About Segment Routing
Segment routing is a technique by which the path followed by a packet is encoded in the packet itself, similar to source routing. A node steers a packet through a controlled set of instructions, called segments, by prepending the packet with a segment routing header. Each segment is identified by a segment ID (SID) consisting of a flat unsigned 32-bit integer.
Border Gateway Protocol (BGP) segments, a subclass of segments, identify a BGP forwarding instruction. There are two groups of BGP segments: prefix segments and adjacency segments. Prefix segments steer packets along the shortest path to the destination, using all available equal-cost multi-path (ECMP) paths.
Adjacency segments steer packets onto a specific link to a neighbor.
The segment routing architecture is applied directly to the MPLS data plane.
BGP Prefix SID
In order to support segment routing, BGP requires the ability to advertise a segment identifier (SID) for a BGP prefix. A BGP prefix SID is always global within the segment routing BGP domain and identifies an instruction to forward the packet over the ECMP-aware best path computed by BGP to the related prefix. The BGP prefix SID identifies the BGP prefix segment.
Segment Routing Global Block
The segment routing global block (SRGB) is the range of local labels reserved for MPLS segment routing. The default label range is from 16000 to 23999.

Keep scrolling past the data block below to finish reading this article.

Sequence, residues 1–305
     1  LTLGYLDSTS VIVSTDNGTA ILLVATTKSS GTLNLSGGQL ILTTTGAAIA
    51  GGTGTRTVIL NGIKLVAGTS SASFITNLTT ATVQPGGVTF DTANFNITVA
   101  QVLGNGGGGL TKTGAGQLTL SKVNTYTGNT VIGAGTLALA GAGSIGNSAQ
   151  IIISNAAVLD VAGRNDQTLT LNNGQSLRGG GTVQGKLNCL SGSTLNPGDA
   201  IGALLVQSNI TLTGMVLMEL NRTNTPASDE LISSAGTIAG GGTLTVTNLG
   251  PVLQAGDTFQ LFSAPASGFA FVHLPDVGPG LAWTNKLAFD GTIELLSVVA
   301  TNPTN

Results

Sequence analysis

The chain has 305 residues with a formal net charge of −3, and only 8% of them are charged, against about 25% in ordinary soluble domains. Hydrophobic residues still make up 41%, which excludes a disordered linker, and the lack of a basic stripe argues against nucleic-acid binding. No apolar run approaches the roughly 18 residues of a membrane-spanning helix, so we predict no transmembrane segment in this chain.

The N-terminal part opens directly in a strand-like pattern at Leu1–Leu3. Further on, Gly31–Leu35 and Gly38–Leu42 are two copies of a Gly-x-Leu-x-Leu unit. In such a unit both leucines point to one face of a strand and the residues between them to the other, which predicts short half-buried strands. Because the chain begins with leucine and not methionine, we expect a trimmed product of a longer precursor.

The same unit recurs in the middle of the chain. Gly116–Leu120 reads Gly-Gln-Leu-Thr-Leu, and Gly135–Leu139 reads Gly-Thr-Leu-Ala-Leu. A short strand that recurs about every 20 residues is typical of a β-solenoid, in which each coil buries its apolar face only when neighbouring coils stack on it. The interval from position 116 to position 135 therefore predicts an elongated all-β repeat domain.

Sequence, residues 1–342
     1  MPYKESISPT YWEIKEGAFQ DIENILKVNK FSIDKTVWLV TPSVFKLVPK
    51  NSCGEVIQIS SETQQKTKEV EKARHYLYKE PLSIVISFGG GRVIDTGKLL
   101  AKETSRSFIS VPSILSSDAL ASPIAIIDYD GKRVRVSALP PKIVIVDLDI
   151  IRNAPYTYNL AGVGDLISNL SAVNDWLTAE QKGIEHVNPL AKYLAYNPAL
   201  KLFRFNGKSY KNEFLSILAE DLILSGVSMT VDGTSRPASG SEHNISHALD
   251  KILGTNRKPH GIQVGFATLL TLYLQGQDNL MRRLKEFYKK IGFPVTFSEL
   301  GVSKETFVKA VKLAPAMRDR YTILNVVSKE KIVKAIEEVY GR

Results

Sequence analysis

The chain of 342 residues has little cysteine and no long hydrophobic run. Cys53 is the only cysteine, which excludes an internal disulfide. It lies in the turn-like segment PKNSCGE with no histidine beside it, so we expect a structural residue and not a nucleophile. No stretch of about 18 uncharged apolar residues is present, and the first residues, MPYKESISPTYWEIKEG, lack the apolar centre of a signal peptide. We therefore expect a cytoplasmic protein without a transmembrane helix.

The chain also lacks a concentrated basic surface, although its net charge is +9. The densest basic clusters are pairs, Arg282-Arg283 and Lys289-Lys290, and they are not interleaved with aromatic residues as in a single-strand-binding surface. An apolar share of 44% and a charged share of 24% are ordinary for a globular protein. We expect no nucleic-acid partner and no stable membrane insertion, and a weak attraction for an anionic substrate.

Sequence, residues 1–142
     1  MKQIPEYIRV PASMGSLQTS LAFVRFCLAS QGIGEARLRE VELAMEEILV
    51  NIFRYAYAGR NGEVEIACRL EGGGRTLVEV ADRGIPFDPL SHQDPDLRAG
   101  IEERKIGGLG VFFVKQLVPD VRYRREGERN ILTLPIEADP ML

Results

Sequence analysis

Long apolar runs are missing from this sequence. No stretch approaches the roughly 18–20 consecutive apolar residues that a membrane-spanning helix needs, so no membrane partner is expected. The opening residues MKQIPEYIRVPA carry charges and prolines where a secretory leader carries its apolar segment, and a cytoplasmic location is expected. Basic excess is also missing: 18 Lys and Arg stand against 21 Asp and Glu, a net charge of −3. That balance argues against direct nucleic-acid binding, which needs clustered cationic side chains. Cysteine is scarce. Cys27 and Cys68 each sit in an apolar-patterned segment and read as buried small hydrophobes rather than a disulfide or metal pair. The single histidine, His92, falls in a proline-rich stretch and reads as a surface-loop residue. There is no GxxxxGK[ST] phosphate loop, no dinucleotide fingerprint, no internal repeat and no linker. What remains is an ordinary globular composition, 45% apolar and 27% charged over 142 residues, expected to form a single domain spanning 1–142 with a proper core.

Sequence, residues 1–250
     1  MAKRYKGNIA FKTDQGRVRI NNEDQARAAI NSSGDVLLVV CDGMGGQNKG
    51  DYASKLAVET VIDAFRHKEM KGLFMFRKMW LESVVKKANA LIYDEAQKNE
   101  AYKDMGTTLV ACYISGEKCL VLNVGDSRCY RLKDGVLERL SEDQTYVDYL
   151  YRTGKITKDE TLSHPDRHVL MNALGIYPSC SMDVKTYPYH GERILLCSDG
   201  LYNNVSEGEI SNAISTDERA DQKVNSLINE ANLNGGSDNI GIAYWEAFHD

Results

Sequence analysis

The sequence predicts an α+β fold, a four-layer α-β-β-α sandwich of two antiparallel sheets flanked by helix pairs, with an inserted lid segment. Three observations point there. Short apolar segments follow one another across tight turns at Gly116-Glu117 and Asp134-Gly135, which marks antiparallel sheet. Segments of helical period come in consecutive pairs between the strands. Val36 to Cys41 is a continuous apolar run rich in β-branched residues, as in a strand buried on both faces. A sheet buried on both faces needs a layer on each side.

SRGB is the local property of a segment routing node. Each node can be configured with a different SRGB value, and hence the absolute SID value associated to a BGP prefix segment can change from node to node.
The SRGB must be a proper subset of the dynamic label range and must not overlap the optional MPLS static label range. If dynamic labels in the configured or defaulted SRGB range already have been allocated, the configuration is accepted, and the existing dynamic labels that fall in the SRGB range will remain allocated to the original client. If the BGP router attempts to allocate one of these labels, the SRGB mapping fails, and the BGP router reverts to dynamic label allocation. A change to the SRGB range results in the clients deallocating their labels independent of whether the new range can be allocated.
High Availability for Segment Routing
In-service software upgrades (ISSUs) are minimally supported with BGP graceful restart. All states (including the segment routing state) must be relearned from the BGP router's peers. During the graceful restart period, the previously learned route and label state are retained.
BGP Prefix SID Deployment Example
In the simple example below, all three routers are running iBGP and advertising Network Layer Reachability Information (NRLI) to one another. The routers are also advertising their loopback interface as the next hop, which provides the ECMP between routers 184.108.40.206 and 220.127.116.11.
MPLS Time-to-Live (TTL)
MPLS TTL adds labels to IP packets. This calls for a mechanism in which the TTL is propagated from the IP header into the label stack and vice versa. This ensures that packets do not live forever when entering and leaving the MPLS cloud even if there is a routing loop. MPLS operates in default Uniform mode and the TTL value is copied from MPLS header to IP header. Uniform mode is supported on all Cisco N9K-X9700-FX line cards. Cisco N9K-X9700-EX line cards operate in pipe mode on the egress side.
There is no configuration to change the mode of operations.
The Platform Support for Label Switching Features list for is updated regularly to provide details on specific Cisco platforms and line cards that are tested and support the MPLS TTL feature.